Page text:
A woman cradles her baby Thursday, June 12, at a temporary camp set up in Aski Kalak, Iraq, to shelter those fleeing the violence in northern Nineveh province.More than 1 million Iraqis have been forced from their homes by conflict this year, the U.N. refugee agency said Friday -- a number likely only to rise as Islamist militants and Iraqi security forces battle for control.
A humanitarian crisis is brewing, as families who've fled fighting with little more than the clothes on their back seek water, food and shelter from the summer heat.
Meanwhile, the first of up to 300 U.S. military advisers will arrive in Iraq as soon as Saturday, a senior defense official told CNN. This first group from outside Iraq is expected to be very small, the official said.
In addition, some U.S. military personnel already in Iraq at the security cooperation office in the U.S. Embassy in Baghdad will be reassigned and become the first of the advisers to go to work, Pentagon Press Secretary Rear Adm. John Kirby said.
An estimated 500,000 people fled Iraq's second-largest city, Mosul, last week after it fell to fighters from the Islamic State in Syria and Iraq (ISIS). On Friday, the International Committee of the Red Cross in Iraq put the number who fled Mosul, with its population of 1.6 million, at about 800,000.
Already, a half-million people were displaced from Iraq's western Anbar province, where Sunni militants have been dominant since early this year.
U.S. sending military advisers
For days, the United States has considered what to do about the militants, and on Thursday, President Barack Obama said he was prepared to send as many as 300 military advisers to Iraq, adding that America was not returning to a combat role in the country.
The first group of advisers will begin work by conducting an initial assessment of Iraqi troop capabilities and on what may be needed for a larger group of U.S. advisers, including additional security measures where they may be deployed, a senior defense official said Friday.
But the United States has not reached an agreement with Iraq to provide legal protections to the U.S. military advisers.
"We are pursuing something in writing," Kirby said Friday. He said Defense Secretary Chuck Hagel "is absolutely committed to making sure that our troops have the legal protections, and he would not do that on a nod and a wink."
Kirby said the U.S. did not foresee a problem getting the Iraqi government to sign such an agreement because Iraq had requested this U.S. support.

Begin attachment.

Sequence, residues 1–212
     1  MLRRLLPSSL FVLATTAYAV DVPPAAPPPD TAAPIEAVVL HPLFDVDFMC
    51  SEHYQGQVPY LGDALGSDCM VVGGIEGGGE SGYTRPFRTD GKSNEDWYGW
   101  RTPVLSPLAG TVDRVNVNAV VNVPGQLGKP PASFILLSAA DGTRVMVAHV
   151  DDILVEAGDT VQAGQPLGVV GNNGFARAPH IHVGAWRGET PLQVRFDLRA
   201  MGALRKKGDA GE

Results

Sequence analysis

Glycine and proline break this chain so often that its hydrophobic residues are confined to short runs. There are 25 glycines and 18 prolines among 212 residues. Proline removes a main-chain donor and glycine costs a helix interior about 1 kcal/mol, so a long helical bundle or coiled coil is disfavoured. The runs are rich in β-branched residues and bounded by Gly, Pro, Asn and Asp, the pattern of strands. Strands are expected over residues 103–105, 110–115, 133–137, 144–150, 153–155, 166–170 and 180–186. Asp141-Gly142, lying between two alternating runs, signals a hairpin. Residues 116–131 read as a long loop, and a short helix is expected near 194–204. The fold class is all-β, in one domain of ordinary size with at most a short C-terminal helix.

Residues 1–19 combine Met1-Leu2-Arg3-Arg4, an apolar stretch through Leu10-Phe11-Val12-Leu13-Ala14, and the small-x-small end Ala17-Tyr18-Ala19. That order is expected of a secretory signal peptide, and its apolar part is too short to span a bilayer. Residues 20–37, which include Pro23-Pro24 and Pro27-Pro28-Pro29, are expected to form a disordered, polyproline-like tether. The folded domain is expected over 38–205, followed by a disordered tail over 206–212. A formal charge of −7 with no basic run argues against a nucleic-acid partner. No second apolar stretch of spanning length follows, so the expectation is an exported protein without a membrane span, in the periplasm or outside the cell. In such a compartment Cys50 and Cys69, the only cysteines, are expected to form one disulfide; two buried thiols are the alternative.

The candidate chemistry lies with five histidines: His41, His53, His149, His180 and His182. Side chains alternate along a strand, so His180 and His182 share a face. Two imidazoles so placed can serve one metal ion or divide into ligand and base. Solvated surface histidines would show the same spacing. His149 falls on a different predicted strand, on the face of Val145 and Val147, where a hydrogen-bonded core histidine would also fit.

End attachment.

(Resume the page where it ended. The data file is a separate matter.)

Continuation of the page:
The United States withdrew its final troops from Iraq at the end of 2011, nearly nine years after leading the invasion that ousted longtime leader Saddam Hussein.
As ISIS, born from an al Qaeda splinter group and supported by many Sunni factions, continues its fierce advance in Iraq, senior U.S. officials tell CNN that the Obama administration is of the belief that Prime Minister Nuri al-Maliki is not the leader Iraq needs to unify the country and end sectarian tensions.
The Prime Minister's Shiite-dominated government is accused of fostering sectarian tensions by marginalizing Iraq's Sunni Arab and Kurd minorities.
Obama told CNN on Friday that U.S. military efforts are hopeless without a change in government.
"If we don't see Sunni, Shia and Kurd representation in the military command structure, if we don't see Sunni, Shia and Kurd political support for what we're doing, we won't do it," he told CNN's Kate Bolduan in an interview.
The complete interview will be aired Monday on CNN's "New Day."
ISIS takes old chemical facility
Fighting raged across Iraq. Iraqi security forces regained control of the Baiji oil refinery, the largest in Iraq, on Friday following a night of fighting, Iraqi security officials in Samarra told CNN.
Iraqiya State TV reported that Iraqi security forces killed an undisclosed number of ISIS fighters.
Also on Thursday, ISIS militants took control of a facility that Saddam Hussein once used to produce and store chemical weapons.
But the State Department doubts that the Al Muthanna complex contains any material of "military value."
"The materials in the bunkers, which date from the 1980s, are of little military value and would be very difficult to safely move," State Department spokeswoman Jen Psaki said Thursday.